Many Florida apartment complexes include elderly residents. If a tenant dies, there are state codes and regulations that govern issues such as removal of personal items from a decedent’s apartment. Real estate disputes might arise if a relative or other person acting on behalf of a decedent believes management has disregarded such rules.
An incident recently occurred involving a former U.S. military war hero. He passed away after a lengthy battle with cancer. His daughter scheduled a flight to go see him when she learned that he was likely nearing the end of his life, but her father died before she got there.
The woman was eager to visit her father’s apartment in order to collect a few personal belongings that included many of his military medals and insignia, plus personal photos and other items of the sort. She was shocked to discover that the items were removed from her father’s apartment. There is a statute in place that includes specific instructions regarding how much time must pass before removing personal items from a deceased tenant’s dwelling place when his or her rent was already paid in full.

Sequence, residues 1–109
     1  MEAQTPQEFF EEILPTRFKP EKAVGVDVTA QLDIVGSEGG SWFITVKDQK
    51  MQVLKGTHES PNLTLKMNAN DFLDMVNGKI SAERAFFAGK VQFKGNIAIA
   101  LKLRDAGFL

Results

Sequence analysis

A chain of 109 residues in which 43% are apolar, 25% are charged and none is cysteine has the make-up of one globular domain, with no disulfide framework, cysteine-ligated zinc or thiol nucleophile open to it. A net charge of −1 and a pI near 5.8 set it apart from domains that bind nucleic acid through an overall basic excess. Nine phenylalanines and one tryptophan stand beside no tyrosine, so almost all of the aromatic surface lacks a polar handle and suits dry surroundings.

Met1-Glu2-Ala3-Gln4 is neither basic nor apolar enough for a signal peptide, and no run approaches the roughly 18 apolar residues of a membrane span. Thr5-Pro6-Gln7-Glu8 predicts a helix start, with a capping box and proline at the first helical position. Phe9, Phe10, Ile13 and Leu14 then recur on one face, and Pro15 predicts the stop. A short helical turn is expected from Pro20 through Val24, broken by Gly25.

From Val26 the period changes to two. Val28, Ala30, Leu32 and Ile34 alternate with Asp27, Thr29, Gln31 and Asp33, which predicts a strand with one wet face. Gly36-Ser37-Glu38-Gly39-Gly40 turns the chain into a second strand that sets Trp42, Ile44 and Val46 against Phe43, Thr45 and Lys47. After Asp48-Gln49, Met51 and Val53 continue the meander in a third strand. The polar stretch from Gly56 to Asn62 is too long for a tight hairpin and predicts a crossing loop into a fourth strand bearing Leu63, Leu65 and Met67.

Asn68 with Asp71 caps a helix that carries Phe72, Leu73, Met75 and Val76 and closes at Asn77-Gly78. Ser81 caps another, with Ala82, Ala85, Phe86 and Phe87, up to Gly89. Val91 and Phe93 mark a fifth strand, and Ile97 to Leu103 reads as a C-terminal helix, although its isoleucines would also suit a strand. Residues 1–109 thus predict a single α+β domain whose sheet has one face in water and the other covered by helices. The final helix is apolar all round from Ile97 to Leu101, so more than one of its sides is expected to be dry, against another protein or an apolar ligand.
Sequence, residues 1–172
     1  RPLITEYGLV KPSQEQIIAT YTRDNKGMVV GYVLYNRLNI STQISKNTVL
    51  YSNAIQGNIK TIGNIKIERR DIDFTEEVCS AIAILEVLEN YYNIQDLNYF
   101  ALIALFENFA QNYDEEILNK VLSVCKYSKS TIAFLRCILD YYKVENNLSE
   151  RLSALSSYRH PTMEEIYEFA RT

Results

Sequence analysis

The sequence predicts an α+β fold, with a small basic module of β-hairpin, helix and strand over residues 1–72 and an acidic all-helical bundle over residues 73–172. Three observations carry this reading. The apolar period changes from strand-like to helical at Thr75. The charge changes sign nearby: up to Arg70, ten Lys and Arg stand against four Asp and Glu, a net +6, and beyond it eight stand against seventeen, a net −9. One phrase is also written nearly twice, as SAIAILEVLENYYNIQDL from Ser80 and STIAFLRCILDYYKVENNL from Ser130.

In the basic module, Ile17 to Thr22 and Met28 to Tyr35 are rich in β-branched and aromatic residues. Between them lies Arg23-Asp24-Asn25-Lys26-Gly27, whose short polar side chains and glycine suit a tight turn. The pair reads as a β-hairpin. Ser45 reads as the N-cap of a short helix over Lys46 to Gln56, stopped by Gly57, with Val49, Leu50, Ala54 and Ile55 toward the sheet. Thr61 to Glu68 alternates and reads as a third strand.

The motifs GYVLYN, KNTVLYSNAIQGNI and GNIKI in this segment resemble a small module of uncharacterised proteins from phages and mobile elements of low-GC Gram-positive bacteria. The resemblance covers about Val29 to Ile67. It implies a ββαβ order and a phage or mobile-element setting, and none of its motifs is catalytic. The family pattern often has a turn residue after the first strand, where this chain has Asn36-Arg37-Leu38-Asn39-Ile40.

The woman in this case says she has receipts to show that her father’s rent was paid. She also says there is an eyewitness who saw the boxes in question being removed from the apartment by workers. Apartment management denies having sent any workers into the man’s home. Real estate disputes like this one are complex and often take weeks or months to resolve. Rather than try to go it alone in a Florida court, it pays to hire an experienced real estate law attorney to act on one’s behalf; doing so may lessen the time it takes to litigate a particular issue.